As if facial recognition technology isn’t controversial enough, Russian firm NTech Lab has announced plans to roll out “aggression detection” features worldwide as soon as 2021.
NTech Lab is the company responsible for creating Russia’s expansive real-time facial recognition surveillance system.
The firm, best known for the FindFace app—once dubbed the herald for the end of online privacy—has just announced that it is set to roll out “aggression detection” as well as “violence detection” features, which will flag law enforcement when the algorithm thinks someone is committing or about to commit violence.
To fund their foray into “emotional detection,” NTech has just received a $15 million cash injection from two sovereign wealth funds—one the Russian Direct Investment Fund, the other a mysterious, unnamed partner in the Middle East.
This funding will also aid the company’s plans to expand in the Middle East, Latin America, and possibly Asia, Forbes reported.
A major concern?
One of the main criticisms of facial recognition is that there is a lot of damning proof showing it to be incredibly racially biased to Black people and people of colour, often concluding that faces with a darker skin tone are more suspicious.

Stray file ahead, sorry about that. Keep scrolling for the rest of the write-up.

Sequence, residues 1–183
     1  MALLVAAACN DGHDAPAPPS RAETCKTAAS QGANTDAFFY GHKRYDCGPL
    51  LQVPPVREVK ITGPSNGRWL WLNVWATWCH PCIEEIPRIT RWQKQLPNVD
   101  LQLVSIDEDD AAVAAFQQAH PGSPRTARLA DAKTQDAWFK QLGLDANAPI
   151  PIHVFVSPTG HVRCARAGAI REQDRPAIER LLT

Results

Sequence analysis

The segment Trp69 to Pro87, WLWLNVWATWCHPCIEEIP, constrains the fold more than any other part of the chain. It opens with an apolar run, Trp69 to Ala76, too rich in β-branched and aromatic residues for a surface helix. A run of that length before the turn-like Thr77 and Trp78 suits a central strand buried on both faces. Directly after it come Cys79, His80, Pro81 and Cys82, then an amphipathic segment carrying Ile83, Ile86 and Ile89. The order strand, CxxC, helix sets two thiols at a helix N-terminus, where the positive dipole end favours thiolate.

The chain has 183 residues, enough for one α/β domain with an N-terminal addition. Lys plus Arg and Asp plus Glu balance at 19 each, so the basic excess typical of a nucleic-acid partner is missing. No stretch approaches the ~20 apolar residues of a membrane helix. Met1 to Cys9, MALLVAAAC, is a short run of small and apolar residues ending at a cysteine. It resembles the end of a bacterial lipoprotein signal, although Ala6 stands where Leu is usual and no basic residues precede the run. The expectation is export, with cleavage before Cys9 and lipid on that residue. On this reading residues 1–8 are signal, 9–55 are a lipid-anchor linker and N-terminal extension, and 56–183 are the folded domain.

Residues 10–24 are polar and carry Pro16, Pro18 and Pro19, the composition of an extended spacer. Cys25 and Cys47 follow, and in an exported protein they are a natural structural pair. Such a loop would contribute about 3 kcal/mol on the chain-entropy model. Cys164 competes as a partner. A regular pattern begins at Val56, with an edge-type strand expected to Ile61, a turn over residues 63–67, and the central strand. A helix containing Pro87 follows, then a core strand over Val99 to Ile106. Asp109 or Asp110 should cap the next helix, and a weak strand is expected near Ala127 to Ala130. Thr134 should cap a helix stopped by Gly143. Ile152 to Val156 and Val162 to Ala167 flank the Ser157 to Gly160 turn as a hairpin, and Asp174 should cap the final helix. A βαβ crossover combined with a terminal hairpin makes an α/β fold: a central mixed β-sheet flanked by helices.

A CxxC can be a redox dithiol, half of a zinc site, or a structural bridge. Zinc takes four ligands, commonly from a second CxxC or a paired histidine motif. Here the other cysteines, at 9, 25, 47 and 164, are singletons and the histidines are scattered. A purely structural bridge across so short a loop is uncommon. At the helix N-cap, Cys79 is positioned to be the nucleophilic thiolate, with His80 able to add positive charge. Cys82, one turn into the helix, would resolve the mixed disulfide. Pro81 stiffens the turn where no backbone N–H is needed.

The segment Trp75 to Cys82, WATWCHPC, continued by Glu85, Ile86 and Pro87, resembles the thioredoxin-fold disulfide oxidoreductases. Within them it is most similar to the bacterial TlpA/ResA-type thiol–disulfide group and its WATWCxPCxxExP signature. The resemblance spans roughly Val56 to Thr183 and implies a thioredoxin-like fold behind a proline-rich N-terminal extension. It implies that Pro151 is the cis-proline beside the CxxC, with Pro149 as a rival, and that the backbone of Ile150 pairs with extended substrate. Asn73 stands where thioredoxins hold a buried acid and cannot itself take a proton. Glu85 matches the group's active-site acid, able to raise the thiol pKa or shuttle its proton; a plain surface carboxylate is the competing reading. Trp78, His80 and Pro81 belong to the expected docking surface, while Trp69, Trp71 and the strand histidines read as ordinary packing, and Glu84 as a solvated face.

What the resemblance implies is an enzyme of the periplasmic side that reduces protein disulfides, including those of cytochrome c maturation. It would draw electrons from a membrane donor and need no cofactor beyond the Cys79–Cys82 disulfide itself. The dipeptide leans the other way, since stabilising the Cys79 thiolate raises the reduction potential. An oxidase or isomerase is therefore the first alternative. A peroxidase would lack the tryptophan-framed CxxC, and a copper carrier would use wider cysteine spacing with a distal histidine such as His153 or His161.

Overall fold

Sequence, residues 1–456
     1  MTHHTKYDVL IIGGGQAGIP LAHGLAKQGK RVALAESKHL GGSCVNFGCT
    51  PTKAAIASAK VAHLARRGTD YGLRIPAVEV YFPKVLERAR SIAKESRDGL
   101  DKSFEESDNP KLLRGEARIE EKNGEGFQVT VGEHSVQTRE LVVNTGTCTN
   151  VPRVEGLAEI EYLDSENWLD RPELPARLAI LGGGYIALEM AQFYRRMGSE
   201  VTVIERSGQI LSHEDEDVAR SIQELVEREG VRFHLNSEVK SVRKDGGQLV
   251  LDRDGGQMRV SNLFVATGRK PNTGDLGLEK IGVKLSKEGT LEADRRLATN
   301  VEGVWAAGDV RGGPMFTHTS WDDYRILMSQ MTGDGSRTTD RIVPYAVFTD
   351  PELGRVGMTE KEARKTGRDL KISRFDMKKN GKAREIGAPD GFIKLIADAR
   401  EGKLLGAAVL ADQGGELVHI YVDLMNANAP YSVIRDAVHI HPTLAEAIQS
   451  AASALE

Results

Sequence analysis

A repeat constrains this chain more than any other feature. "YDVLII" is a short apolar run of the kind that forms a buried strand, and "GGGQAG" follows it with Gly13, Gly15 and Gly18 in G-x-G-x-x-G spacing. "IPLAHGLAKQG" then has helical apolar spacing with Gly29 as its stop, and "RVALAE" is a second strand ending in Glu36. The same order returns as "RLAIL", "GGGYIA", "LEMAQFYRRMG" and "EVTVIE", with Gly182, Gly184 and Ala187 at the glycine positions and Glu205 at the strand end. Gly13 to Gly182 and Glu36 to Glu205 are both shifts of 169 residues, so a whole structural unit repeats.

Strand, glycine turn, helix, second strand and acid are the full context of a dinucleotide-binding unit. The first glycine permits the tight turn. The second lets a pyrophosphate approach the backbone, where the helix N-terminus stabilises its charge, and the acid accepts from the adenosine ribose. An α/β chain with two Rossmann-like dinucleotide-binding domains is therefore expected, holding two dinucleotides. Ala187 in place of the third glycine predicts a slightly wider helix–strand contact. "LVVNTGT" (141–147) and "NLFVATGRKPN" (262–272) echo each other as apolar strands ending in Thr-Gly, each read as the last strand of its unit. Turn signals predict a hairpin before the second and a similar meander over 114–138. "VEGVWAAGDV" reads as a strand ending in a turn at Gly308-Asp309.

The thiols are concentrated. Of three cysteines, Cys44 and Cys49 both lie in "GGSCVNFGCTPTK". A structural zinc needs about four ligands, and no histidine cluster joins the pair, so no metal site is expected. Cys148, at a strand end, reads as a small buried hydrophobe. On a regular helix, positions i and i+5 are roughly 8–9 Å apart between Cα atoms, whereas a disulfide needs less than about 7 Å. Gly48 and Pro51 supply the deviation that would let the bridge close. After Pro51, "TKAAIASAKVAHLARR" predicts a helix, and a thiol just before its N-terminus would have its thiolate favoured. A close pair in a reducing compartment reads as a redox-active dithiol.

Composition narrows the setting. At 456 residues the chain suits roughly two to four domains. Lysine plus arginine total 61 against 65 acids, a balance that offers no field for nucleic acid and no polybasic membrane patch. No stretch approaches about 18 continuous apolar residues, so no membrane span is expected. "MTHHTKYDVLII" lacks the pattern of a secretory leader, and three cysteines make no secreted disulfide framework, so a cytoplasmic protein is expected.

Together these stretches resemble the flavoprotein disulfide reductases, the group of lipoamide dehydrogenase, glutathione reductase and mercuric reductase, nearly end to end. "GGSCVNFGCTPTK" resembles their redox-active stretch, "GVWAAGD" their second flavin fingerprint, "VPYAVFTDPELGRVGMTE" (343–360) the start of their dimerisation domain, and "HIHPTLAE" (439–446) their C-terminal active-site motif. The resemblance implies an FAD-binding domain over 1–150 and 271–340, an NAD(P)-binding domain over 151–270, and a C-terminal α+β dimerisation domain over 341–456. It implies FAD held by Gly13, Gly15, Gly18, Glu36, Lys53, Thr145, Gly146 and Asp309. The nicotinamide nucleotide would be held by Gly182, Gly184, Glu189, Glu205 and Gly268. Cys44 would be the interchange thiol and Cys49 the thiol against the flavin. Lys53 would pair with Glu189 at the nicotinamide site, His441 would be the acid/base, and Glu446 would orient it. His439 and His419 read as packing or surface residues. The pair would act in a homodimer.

Tests on detecting emotion and skin tone are even more questionable…
In a study from the University of Maryland, tools from Microsoft and Chinese company Face++ were tested on photos of 400 NBA players. The Face++ AI consistently interpreted Black players as “angrier” than white players when looking at how they smiled. Microsoft’s AI determined that Black players were more “contemptuous” when facial expressions were ambiguous.
“Until facial recognition assesses black and white faces similarly, black people may need to exaggerate their positive facial expressions—essentially smile more—to reduce ambiguity and potentially negative interpretations by the technology,” study author Lauren Rhue wrote about the research.
NTech Lab’s cofounder Artem Kukharenko has said that their product needs to be “100% sure” before launch. The company later clarified that its aggression detection is currently in its “early development phase,” and so it couldn’t provide figures pertaining to its accuracy.
Robert Scott Lazar